#3 Weight

Not only do we have weight problems, and for it to be unhealthy, it’s also very harmful to your dog. An overweight dog can lead to many health problems, such as diabetes, poor posture, especially in breeds like the dachshund or corgies. These particular dog breeds should not gain weight to protect their backs. When it comes to snoring, the weight will affect the dog’s throat and nose, causing a tighter airway gap.

Dog breeds prone to gain weight (Snoring)

  • Basset Hound
  • Beagle
  • Boxer
  • Bulldogs
  • Corgies
  • Dachshund
  • Golden Retriever
  • Labradors
  • Pug
  • Rottweilers
  • Scottish Terrier

Improve your dog’s wellbeing, and weight loss will follow.

Improve your dog’s weight to stop snoring (Prevention)

Cut down on overfeeding your dog, do not give your dog table scraps. Feeding a dog table scraps comes with many other health risks as well, not just gaining weight. Such as pancreatitis, and not all humans foods are safe for dogs to consume. Change your dog’s diet altogether and op for higher quality dog food. Don’t choose the dog foods that have been bulked out with ingredients that don’t benefit your dog’s health and wellbeing. Check the ingredients!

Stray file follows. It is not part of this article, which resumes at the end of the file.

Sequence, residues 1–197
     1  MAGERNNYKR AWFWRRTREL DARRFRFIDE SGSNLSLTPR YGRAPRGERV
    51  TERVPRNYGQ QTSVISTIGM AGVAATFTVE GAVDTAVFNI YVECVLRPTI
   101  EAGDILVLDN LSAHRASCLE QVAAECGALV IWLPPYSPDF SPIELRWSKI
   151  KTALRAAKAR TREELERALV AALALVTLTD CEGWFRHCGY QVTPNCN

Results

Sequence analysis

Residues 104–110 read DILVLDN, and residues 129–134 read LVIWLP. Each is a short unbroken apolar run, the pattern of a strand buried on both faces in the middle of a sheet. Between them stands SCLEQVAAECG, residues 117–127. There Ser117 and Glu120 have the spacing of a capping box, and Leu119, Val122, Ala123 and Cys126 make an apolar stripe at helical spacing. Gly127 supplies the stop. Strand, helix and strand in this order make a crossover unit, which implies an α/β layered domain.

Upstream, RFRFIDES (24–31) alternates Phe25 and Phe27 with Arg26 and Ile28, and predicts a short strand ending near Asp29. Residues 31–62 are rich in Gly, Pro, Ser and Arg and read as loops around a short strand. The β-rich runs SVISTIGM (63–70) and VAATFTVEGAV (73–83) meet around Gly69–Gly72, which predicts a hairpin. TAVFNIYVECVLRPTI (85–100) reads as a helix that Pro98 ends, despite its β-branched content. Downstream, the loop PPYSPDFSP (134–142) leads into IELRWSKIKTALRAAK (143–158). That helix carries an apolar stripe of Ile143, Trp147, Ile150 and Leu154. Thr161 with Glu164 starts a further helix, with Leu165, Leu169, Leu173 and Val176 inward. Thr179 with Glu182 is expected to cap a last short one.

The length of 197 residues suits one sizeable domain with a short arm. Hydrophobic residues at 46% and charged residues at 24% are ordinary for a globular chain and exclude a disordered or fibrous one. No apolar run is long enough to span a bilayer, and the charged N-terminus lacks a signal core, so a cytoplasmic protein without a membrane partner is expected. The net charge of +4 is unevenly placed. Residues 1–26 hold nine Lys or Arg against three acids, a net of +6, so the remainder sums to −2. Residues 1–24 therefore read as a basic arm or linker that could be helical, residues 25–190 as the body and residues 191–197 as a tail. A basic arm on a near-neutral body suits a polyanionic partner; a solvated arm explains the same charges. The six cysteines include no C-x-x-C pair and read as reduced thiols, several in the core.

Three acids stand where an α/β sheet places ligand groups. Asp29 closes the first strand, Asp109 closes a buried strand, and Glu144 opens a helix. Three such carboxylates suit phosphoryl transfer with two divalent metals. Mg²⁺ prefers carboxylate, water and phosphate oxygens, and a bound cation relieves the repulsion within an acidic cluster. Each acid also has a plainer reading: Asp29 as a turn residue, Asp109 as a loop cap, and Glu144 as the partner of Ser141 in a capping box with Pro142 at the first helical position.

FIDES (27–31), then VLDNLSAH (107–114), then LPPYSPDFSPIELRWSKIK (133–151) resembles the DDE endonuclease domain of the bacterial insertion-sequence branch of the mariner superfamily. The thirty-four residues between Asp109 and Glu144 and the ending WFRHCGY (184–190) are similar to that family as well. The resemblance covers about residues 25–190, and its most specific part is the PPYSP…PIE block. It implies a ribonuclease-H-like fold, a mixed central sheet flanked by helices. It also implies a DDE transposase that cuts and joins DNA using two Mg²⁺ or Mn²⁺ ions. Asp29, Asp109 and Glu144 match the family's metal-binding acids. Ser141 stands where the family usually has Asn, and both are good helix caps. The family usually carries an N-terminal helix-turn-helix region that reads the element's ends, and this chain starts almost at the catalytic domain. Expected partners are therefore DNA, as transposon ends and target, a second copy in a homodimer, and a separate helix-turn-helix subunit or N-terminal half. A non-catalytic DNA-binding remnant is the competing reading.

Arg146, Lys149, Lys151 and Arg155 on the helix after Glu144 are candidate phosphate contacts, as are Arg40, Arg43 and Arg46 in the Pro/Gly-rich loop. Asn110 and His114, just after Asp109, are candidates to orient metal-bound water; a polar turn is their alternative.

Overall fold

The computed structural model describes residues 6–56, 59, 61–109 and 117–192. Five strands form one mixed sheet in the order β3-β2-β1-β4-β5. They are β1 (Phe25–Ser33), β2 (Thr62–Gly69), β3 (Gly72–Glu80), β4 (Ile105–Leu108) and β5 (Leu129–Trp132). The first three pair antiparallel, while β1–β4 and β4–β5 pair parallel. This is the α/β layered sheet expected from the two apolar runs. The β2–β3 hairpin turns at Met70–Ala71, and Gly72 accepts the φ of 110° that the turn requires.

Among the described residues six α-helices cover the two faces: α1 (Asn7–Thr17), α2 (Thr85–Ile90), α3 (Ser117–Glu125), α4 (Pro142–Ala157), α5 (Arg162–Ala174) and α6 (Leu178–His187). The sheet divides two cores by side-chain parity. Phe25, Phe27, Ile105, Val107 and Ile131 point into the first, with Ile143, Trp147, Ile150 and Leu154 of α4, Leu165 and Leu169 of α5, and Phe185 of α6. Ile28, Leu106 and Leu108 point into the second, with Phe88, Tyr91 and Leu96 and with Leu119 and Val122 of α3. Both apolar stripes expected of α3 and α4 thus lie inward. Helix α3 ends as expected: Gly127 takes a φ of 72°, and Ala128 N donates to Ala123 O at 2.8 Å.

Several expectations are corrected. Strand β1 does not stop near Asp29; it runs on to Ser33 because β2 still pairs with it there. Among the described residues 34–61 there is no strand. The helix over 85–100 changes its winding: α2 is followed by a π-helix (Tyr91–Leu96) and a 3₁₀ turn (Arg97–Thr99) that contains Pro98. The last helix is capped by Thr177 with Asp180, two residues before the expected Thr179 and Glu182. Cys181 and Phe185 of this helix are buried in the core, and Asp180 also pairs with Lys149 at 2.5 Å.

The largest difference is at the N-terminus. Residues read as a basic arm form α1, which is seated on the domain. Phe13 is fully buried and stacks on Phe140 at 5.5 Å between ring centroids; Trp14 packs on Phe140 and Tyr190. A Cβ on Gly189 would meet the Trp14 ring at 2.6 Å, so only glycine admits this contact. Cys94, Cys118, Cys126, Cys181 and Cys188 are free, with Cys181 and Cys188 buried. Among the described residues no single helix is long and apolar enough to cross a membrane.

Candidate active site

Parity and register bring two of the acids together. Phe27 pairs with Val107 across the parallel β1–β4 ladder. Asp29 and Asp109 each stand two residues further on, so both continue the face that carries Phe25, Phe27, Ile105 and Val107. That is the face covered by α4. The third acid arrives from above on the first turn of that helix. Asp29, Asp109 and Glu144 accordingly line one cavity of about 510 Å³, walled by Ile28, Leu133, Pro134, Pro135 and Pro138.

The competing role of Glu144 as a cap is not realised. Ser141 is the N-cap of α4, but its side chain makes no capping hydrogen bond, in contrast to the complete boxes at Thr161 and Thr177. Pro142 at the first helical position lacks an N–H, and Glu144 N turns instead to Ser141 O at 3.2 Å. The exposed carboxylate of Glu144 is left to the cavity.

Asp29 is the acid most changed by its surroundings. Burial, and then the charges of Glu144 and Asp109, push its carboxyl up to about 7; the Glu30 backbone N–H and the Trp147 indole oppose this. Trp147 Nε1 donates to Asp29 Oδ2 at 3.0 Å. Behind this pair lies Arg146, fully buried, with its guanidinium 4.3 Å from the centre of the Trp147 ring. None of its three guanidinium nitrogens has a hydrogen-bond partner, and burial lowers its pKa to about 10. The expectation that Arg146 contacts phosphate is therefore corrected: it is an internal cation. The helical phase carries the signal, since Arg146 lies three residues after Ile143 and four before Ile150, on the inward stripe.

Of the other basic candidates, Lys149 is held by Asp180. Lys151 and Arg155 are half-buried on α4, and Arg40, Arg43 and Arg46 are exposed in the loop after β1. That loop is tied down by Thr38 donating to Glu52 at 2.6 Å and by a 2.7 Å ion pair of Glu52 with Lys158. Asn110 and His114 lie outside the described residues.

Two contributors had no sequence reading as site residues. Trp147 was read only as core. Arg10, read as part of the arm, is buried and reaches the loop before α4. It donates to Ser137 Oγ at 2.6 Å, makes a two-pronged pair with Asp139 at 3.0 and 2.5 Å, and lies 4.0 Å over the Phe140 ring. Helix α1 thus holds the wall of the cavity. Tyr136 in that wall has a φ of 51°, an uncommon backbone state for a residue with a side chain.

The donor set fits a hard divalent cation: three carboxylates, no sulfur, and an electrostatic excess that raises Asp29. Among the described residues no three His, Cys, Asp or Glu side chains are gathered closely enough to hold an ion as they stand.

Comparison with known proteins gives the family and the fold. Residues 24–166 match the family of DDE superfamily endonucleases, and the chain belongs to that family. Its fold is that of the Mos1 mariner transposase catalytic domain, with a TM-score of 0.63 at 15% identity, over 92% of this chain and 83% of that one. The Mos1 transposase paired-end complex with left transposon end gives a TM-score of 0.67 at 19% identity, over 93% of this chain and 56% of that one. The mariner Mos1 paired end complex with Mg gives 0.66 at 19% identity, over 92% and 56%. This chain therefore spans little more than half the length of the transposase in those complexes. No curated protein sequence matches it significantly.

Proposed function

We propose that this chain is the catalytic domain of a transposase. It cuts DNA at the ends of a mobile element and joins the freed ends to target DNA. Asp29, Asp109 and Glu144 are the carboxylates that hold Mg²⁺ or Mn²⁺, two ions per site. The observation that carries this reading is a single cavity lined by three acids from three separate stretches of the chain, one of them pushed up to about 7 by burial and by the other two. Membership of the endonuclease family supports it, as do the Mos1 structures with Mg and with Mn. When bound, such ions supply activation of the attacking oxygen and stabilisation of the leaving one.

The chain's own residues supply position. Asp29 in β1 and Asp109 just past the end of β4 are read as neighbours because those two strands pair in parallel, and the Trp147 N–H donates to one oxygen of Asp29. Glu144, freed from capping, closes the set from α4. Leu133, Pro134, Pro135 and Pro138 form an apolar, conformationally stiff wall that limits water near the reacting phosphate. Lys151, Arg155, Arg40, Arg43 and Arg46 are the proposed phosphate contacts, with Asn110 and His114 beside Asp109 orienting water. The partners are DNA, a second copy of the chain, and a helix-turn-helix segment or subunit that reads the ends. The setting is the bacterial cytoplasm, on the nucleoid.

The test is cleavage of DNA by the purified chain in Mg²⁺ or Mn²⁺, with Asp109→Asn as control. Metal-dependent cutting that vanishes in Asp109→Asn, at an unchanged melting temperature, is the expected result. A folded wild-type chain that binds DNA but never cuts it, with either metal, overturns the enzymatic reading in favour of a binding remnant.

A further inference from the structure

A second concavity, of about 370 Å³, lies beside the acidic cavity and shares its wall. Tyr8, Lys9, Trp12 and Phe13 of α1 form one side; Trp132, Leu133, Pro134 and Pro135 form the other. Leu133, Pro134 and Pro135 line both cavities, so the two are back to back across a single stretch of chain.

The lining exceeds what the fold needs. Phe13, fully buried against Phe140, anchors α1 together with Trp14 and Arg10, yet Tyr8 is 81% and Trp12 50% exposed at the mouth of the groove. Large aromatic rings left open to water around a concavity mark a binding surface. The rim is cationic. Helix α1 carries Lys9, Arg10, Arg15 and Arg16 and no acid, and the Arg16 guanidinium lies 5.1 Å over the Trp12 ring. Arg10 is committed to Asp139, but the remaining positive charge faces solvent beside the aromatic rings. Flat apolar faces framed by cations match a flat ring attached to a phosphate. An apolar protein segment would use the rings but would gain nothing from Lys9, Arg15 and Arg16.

Recap to aid weight loss for your dog

Each breed of dog has an ideal weight, and you should research the perfect weight and aim for the target as much as you can, within reason and by not causing distress to your dog. No one likes being on a diet, including your dog. It could take many months for a dog to achieve its ideal healthy weight. But eventually, it will pay off, and a snore-free dog is a strong possibility.

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3 Rare Reasons (Snoring)

#1 Canine respiratory infections

Your dog could be suffering from a bacterial infection, such as kennel cough or pneumonia. These diseases infect the windpipe and can range from moderate to severe. Both of these will cause your dog to snore.